I had by this time become reliant on Paul. I had before these events fallen in love with him. He was my first boyfriend. I still can recall the day I first lusted after him; it was a sunny autumnal afternoon. I was walking from the city to the University’s Art and Design campus. On my way, I came across Paul and his friend Richard. I had first met Paul at the gay stall at freshers week. I remember feeling extremely happy at seeing him again. I looked at him and thought that he was handsome.

I went to Middlesbrough Polytechnic determine to obtain a first-class honour degree. When not attending lectures and seminars, I spent most of my waking hours in the library, reading books and journals. The books and journals I read encompassed a diverse range of topics, from anthropology, sociology, science and technology, design, design studies, philosophy, art and aviation.

My relationship with Paul had developed. He had found employment at Lancaster University hospital. Once a forthright, I would travel to Lancaster to be with him. I fondly remember the journeys across the Yorkshire Moors, the three of us in a Fait Panda, Paul and me and our Dog Poogie.

Poogie was one of two pups; I had found abandoned outside our flat in Sheffield. Returning home one freezing winter’s evening, I came across a basket with two puppies wrapped in a blanket. I am not sure why something in me drove me to investigate the basket. My initial instinct was to question why someone would leave two pups, in the freezing cold, in the corridor of a block of council flats.

To make sure that the puppies were okay, before heading to bed, I went outside to investigate whether they were still there. To my horror, the puppies were still in the basket in the corridor and were shivering from the cold.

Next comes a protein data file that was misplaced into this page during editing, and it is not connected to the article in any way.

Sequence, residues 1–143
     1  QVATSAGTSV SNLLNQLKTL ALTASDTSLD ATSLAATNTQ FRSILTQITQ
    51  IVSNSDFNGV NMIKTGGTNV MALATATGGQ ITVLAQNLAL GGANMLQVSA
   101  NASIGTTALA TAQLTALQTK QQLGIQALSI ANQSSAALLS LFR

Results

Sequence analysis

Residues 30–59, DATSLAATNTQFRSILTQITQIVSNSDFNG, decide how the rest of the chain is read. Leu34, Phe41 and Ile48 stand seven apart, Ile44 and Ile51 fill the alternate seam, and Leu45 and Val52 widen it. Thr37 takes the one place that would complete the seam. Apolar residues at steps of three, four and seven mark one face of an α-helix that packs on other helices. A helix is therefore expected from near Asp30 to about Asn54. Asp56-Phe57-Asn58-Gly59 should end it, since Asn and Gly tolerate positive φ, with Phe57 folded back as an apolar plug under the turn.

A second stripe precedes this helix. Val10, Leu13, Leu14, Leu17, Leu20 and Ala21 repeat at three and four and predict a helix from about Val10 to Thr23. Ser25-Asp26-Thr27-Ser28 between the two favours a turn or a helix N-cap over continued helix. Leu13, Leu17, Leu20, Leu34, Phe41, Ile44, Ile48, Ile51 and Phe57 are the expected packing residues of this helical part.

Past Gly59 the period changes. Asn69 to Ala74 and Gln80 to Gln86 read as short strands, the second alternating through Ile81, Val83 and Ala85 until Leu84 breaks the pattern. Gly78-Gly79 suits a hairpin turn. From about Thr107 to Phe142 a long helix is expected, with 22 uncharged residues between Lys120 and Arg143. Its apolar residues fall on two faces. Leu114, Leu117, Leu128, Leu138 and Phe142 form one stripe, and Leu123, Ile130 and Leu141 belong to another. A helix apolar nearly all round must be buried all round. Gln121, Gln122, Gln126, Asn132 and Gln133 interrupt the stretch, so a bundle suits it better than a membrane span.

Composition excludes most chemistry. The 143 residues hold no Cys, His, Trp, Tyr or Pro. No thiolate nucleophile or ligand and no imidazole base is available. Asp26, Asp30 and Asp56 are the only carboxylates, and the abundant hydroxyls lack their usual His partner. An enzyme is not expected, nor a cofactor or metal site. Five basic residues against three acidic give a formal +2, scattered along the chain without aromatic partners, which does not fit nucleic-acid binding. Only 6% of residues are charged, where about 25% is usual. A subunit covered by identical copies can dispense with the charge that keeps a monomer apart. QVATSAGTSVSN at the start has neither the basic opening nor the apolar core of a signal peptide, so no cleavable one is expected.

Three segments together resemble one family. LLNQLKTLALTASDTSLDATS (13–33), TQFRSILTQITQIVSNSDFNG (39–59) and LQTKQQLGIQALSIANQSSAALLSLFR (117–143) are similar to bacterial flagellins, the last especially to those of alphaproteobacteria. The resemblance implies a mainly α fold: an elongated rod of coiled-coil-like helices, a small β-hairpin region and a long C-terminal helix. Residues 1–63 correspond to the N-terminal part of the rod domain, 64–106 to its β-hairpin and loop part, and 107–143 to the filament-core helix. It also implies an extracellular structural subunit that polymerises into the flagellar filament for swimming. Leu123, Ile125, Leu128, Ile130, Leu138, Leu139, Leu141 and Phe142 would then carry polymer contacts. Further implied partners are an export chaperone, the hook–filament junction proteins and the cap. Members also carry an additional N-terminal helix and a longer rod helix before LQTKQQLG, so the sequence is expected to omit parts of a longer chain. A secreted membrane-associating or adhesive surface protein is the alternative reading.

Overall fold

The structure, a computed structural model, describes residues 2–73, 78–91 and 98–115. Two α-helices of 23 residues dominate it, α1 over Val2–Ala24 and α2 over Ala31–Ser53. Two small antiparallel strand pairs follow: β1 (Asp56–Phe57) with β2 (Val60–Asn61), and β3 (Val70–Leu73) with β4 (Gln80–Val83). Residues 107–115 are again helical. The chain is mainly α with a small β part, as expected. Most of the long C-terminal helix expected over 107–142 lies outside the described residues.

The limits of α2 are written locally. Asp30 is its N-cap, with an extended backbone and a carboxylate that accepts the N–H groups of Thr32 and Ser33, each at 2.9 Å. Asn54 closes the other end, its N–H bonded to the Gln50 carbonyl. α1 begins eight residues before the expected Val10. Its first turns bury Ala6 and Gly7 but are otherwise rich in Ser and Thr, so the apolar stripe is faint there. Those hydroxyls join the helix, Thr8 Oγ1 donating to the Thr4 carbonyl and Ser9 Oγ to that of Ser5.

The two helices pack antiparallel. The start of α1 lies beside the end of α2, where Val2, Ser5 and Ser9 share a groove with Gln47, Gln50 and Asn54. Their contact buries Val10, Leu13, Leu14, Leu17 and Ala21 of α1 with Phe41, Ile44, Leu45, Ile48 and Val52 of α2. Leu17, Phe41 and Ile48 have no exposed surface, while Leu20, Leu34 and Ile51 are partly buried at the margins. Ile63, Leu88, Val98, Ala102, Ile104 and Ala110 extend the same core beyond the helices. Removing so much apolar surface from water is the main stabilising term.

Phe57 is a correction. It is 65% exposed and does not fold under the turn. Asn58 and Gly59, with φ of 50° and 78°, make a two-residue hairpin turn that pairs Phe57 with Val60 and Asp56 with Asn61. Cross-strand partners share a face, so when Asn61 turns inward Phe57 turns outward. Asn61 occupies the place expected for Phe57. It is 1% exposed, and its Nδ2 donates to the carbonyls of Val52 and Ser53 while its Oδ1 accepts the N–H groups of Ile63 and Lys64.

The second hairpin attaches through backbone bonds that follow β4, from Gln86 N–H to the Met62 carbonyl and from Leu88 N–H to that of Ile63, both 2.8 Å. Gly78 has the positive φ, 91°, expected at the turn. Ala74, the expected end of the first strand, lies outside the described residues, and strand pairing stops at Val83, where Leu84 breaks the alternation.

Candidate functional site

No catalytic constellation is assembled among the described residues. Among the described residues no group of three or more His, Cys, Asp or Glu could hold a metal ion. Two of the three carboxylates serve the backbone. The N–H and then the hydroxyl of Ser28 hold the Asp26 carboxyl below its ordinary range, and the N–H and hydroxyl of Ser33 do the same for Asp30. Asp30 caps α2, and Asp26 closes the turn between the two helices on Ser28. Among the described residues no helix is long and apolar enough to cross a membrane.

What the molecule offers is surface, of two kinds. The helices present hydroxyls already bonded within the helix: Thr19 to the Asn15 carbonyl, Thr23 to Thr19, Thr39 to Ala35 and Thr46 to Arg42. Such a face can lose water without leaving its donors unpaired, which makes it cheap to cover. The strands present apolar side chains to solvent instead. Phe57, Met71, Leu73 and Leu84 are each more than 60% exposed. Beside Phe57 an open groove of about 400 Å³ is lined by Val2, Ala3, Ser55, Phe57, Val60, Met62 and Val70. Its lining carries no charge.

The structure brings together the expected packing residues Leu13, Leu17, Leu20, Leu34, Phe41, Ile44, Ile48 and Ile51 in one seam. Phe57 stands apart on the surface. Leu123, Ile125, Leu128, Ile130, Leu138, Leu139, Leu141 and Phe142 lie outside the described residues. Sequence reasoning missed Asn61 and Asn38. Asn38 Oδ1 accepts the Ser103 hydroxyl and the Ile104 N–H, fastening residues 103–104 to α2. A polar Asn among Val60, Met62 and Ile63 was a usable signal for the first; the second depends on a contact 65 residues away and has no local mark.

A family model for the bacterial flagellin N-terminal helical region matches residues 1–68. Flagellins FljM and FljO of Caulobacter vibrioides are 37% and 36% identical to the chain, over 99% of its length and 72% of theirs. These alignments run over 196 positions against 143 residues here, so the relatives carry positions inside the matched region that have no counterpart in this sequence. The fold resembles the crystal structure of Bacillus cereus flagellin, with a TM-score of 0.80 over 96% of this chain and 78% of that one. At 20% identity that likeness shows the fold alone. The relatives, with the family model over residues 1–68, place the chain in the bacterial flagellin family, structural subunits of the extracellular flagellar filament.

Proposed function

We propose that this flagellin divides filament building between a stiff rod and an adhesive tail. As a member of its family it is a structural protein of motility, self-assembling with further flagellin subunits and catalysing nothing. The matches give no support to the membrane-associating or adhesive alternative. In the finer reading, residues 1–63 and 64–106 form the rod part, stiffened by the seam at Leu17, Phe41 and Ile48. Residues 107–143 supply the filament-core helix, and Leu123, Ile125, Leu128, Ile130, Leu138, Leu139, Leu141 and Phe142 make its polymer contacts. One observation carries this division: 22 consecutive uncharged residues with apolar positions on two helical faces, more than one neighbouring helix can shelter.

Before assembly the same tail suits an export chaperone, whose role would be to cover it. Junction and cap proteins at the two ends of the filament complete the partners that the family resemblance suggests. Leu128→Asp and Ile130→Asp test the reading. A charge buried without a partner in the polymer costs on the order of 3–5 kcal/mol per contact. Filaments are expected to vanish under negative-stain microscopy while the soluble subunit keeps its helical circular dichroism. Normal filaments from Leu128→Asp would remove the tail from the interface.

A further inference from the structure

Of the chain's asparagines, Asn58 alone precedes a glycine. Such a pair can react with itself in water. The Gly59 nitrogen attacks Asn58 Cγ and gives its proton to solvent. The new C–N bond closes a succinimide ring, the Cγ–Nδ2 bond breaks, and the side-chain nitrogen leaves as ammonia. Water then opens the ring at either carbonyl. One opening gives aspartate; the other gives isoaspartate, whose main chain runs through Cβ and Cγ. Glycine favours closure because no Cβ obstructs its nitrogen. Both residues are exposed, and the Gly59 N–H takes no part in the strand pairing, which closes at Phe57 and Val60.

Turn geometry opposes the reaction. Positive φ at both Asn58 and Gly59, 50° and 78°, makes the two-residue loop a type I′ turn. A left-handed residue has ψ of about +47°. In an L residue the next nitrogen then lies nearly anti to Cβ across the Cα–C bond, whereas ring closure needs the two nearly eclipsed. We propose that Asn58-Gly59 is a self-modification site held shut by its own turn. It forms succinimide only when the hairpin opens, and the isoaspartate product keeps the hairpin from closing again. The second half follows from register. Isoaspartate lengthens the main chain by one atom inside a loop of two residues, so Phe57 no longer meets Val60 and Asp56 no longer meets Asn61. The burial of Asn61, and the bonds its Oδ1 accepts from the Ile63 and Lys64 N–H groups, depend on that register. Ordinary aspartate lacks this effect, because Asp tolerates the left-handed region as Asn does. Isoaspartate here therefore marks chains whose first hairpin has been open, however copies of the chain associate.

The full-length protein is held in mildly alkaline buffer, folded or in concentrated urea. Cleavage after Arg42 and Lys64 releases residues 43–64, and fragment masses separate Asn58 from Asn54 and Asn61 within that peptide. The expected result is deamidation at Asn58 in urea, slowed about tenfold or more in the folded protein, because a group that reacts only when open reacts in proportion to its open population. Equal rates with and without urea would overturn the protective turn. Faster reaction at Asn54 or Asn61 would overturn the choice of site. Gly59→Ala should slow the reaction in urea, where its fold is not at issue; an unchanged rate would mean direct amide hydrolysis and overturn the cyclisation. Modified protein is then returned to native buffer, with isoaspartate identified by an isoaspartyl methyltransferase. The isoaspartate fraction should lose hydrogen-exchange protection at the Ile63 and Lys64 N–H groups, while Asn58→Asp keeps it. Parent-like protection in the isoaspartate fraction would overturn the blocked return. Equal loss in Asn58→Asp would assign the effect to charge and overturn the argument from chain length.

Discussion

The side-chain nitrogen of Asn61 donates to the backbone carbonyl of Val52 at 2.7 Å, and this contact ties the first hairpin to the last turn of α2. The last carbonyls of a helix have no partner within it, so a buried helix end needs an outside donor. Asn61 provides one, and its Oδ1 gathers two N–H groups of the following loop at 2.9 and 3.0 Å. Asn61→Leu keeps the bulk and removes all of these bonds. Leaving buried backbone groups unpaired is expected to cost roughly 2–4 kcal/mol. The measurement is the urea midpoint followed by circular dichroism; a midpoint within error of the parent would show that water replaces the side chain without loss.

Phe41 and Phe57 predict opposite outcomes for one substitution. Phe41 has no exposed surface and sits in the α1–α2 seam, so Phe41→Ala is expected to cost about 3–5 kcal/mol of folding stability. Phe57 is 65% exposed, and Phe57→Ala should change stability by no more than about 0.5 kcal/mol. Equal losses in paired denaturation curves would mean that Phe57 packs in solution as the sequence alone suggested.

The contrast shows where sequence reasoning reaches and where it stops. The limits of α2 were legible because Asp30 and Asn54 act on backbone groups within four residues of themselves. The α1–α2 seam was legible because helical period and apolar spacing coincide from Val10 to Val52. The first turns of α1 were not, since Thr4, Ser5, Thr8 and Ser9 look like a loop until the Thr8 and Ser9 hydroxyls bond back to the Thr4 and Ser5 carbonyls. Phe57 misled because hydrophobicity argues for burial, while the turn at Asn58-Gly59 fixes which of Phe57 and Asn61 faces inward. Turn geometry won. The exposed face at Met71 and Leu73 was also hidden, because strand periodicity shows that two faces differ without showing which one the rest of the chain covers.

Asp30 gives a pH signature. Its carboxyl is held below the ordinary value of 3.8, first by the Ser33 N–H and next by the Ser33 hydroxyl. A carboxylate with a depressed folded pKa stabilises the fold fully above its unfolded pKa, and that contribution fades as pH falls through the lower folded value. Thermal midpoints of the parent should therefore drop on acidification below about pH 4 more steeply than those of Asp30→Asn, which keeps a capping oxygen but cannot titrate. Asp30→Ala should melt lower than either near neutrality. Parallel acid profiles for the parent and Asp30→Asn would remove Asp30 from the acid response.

I took them into the flat. I discussed with Paul what we should do. We decided to keep the pups in the flat. We left a note in the corridor informing any potential owner that the puppies were in the flat. We fed the puppies some warm milk and went to bed.

To our surprise, no one came to claim the pups. Days went by, and still, no-one enquired about the animals. I wanted to keep the puppies, but Paul made me aware that it was against the council’s policy, and it was impractical to keep them in a flat. He decided to take the puppies to the RSPCA. At the RSPCA animal sanctuary, he was told that the most likely outcome was that the puppies would have to be humanely killed. The RSPCA informed him that there was little or no demand for mongrels. They stated that if he wanted he could keep one of the pups, this is how we came to have Poogie.

In the Fall of 1986, I left Lancaster to study at Teeside Polytechnic. I was extremely apprehensive at the idea of living in Middlesbrough. The town was very industrial and socially deprived. As one approached Middlesbrough, looking down from the Yorkshire moors, one was presented with the image of this bleak industrial landscape. In the distance horizon, along the shores of the North Sea, all one could see were chimneys belching out smoke and flames.